The Nanoscale World

AFM and neurodegenerative diseases (part II): Correlating Atomic Force Microscopy (AFM) and Fluorescence Microscopy to study the interaction between Dopamine and the D1-Receptor in SH-SY5Y Cells


Mon, Jan 4 2010

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AFM and neurodegenerative diseases (part II): Correlating Atomic Force Microscopy (AFM) and Fluorescence Microscopy to study the interaction between Dopamine and the D1-Receptor in SH-SY5Y Cells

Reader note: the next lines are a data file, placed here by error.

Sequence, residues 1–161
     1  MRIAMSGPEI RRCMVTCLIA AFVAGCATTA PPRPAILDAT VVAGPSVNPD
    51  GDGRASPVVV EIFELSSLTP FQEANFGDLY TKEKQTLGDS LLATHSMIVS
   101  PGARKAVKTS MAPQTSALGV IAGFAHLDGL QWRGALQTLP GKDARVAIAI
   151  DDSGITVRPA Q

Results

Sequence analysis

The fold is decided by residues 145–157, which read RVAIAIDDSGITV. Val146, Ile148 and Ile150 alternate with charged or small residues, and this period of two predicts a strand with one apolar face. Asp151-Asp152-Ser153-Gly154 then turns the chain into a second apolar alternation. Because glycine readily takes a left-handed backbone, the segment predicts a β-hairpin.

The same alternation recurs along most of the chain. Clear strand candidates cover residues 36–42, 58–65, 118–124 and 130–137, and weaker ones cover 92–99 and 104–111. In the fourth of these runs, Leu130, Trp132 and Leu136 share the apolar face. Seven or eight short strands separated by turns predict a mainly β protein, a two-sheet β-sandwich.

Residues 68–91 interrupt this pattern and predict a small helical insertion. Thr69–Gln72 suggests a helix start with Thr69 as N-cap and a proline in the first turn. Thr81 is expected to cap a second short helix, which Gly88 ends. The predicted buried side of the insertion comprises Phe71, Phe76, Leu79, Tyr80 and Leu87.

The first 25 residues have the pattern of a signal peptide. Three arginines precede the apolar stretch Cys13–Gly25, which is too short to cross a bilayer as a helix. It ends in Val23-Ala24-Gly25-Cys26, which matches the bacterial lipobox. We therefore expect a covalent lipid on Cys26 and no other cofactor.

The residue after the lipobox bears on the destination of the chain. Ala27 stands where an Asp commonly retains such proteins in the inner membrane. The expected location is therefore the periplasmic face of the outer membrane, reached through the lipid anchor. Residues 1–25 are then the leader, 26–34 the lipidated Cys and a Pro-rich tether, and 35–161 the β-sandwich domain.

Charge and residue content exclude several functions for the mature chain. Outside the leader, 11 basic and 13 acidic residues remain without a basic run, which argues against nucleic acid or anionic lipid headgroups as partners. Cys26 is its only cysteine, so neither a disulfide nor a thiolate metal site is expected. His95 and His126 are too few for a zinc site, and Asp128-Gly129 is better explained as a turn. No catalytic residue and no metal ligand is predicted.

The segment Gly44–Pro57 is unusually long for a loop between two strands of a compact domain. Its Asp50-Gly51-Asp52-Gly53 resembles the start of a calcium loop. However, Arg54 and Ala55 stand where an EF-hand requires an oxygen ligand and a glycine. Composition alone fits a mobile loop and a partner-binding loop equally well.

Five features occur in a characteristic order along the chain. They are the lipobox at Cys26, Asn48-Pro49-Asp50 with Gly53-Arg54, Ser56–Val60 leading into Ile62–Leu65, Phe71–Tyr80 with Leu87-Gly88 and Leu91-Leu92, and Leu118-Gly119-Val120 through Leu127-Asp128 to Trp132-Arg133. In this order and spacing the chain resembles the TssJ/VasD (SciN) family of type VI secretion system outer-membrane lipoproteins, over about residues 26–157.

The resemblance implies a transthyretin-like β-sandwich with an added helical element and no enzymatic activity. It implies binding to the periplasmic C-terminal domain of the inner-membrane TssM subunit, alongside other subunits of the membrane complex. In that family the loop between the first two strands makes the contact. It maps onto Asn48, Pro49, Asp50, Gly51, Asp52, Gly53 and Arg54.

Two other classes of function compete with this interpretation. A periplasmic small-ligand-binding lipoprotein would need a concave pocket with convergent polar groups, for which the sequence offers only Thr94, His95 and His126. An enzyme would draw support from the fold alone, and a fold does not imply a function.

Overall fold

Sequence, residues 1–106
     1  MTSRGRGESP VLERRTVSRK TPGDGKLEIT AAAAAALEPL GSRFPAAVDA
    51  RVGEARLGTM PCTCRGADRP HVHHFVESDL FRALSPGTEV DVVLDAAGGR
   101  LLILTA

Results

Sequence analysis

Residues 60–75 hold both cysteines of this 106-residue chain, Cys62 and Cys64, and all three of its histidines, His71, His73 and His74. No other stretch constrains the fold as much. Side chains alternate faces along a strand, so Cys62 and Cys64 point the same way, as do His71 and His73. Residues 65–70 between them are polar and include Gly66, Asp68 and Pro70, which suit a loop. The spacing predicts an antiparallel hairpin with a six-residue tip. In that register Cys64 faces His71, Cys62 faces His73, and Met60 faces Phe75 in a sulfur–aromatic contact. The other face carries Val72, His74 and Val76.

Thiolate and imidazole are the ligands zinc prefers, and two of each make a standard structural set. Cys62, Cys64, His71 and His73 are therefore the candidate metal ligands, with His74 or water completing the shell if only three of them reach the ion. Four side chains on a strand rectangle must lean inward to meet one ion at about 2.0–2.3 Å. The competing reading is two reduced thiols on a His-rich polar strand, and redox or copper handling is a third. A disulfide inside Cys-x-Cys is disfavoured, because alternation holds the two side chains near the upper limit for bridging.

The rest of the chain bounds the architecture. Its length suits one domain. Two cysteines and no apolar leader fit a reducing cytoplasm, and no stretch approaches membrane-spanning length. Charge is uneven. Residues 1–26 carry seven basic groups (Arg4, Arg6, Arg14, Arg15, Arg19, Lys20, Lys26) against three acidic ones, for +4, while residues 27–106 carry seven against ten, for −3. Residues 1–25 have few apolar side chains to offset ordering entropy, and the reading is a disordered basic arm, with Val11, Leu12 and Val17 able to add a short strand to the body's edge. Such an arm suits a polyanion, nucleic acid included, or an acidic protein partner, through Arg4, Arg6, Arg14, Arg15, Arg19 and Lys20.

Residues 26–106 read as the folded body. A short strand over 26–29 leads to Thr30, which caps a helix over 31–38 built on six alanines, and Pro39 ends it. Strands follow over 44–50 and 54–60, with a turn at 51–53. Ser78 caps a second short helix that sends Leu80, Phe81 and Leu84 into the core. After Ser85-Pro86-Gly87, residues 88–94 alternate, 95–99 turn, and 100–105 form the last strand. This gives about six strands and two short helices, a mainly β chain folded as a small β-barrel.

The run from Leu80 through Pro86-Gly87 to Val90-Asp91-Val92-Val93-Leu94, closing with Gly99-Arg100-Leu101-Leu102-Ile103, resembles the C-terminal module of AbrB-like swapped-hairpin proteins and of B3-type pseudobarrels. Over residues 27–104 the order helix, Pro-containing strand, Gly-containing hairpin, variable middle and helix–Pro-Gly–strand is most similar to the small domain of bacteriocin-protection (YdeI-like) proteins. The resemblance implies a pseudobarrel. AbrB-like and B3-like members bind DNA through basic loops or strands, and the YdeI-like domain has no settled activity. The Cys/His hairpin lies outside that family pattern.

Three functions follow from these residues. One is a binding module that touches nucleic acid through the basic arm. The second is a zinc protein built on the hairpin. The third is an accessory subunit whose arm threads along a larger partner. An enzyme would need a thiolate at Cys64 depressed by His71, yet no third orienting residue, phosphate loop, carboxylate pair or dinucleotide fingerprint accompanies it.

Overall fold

In addition to its high resolution imaging capabilities, atomic force microscopy (AFM) has emerged as a powerful tool for measuring both the nanomechanical properties and interaction forces of biomolecular complexes. While the majority of these types of AFM studies have been conducted on isolated molecules, for true biological relevance these investigations should ideally be conducted on live cell systems. In addition, it now appears essential to be able to couple AFM with other techniques like optical microscopy in order to simultaneously collect both types of data. So far, very few studies are based on the combination of AFM and inverted optical microscopy.

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